If you’re going to break the fourth wall in a television show, you’ve really got to commit to it. There should be a reason that it’s employed, a punchline thrown in here or a serving of exposition doled out by the main character there. In She-Hulk, those things come sparingly and randomly. Spots where a humorous aside could be helpful in propelling the show’s plodding pace along are ignored in favor of having Maslany break the fourth wall in moments that are so glaringly on the nose that several of them made me groan out loud.
In what could’ve been a genuinely funny sequence in the fourth episode, Jennifer goes on a series of bad dates in Hulk form after changing the picture on her dating profile to her green alter ego for a little male attention. After an already-lazy joke about men skipping out on the tab, She-Hulk turns to the camera, lifts a glass of white wine to her computer-generated mouth, and says, “Is there anything worse than dating in your 30s?”
The moment nearly made me Hulk out and throw my television through the window. It’s bold of a show to think it’s this witty without ever landing a single punchline. She-Hulk is filled with these kinds of indolent jokes, plucked from the ashes of the Greta Gerwig-starring, abandoned How I Met Your Dad spinoff from 2014.
Instead of spending time trying to punch-up its comedy, She-Hulk: Attorney at Law is laser-focused on hammering us over the head with a rote take on the difficulties of being a woman in the world, one that unfortunately boils down to the nothingburger of “Men Are Bad.”
It’s too bad the show has absolutely nothing new to say about the intrinsic evils of masculinity and chauvinism that haven’t been said before hundreds of times in more interesting and involved programming. She-Hulk is not only a disservice to art that explores these things in more transgressive, thoughtful ways, but an insult to its viewers who are more than capable of digesting cultural criticism with a little nuance.
In fact, She-Hulk is irrefutable proof that Marvel doesn’t have a single iota of faith in its viewers. This was another opportunity to throw the rule book out the window—or, hell, at least put it in a drawer for a few hours—and make something truly unique and really, actually funny. And, no, I don’t mean with in-universe quips and useless cameos in place of punchlines. I mean with jokes. You know, the thing that television comedies are supposed to be filled with.
Then there’s She-Hulk’s abysmal CGI. After an onslaught of VFX artists came forward about the poor working conditions at Marvel, Tatiana Maslany defended the show’s visual effects team, saying, “I watch it and it doesn’t feel like a cutscene from a video game.” Not a great bar, there.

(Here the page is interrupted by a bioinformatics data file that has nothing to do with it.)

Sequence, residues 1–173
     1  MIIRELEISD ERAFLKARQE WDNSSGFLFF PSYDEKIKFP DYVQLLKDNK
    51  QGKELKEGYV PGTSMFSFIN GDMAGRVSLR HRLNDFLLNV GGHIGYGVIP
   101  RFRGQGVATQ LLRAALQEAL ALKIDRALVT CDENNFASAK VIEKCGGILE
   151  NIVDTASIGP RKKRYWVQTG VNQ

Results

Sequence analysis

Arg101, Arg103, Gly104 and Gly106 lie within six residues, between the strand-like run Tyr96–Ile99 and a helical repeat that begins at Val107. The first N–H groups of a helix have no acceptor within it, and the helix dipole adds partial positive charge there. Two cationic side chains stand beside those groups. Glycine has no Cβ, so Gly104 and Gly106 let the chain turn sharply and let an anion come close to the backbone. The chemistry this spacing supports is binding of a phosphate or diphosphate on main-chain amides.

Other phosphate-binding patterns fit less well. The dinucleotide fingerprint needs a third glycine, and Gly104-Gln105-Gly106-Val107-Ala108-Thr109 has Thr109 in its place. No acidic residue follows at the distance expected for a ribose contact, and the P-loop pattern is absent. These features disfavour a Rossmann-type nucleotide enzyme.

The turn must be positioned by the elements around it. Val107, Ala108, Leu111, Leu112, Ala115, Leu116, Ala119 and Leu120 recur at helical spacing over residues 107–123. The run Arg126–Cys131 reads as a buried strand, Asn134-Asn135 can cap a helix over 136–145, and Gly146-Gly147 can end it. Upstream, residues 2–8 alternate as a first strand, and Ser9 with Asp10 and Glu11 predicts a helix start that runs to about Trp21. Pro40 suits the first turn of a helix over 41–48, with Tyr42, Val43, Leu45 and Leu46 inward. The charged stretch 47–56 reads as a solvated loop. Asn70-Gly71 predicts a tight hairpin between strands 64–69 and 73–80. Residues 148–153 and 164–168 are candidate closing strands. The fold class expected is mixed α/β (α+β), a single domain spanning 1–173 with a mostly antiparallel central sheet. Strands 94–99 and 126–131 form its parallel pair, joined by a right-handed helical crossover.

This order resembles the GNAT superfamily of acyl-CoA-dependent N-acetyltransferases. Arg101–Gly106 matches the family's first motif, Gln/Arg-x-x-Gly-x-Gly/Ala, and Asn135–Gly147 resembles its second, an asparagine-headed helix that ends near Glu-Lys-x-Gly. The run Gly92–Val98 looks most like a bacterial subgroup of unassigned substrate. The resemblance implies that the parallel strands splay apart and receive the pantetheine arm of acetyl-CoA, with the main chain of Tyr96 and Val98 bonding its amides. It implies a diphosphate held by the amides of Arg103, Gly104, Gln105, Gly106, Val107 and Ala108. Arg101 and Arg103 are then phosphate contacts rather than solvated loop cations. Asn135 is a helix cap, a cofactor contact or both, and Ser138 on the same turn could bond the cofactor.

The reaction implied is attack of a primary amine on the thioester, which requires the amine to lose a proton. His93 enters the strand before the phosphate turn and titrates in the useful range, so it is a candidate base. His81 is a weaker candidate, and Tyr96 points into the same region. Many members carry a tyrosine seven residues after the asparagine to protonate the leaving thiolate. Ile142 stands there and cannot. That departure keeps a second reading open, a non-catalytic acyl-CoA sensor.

Surely, the pressure to get She-Hulk’s complex level of CGI finished in time for deadlines that have millions of dollars tied up in them is a nightmare, and you can see the rush job playing out across every episode. I found myself thankful that the show is airing weekly. Maybe that will give the effects team more time to show the magic that they’re capable of because, as of now, She-Hulk looks like an ungodly abomination of science that not even Mary Shelley could love.
It’s disheartening to watch something that should play out like a delightfully bad ’80s cartoon squander every last bit of its promise once more in favor of falling back on a hemorrhaging formula. This is Marvel’s latest in a run of grand, ultimately useless tricks to distract from a complete and utter lack of imagination.
But perhaps the most criminal offense of all in this law procedural—and I use that genre phrasing extremely lightly here—is the grave misuse of Tatiana Maslany. If there’s one silver lining in her casting, it’s that She-Hulk: Attorney at Law has paid her enough to be able to take her time looking for a role deserving of her talent. After an undeniable star turn as no less than 14 different clones during the run of Orphan Black, which earned her three Emmy nominations and one win, it’s shocking that this is what she’s given to work with in the “Big Leagues.”
I could feel Maslany trying her best to get every laugh, to charm her way through the most confusing, bland scripts and CG constraints. But even the best actresses can’t will their way out of dreadful material. They’re then forced to hope that, at the very least, the final product will be so bad it’s campy. And while there’s maybe a shred of novelty to be found here watching just for laughs with your friends after three margaritas, you’re better off wasting half an hour on something that will at least be memorably bad when the hangover wears off.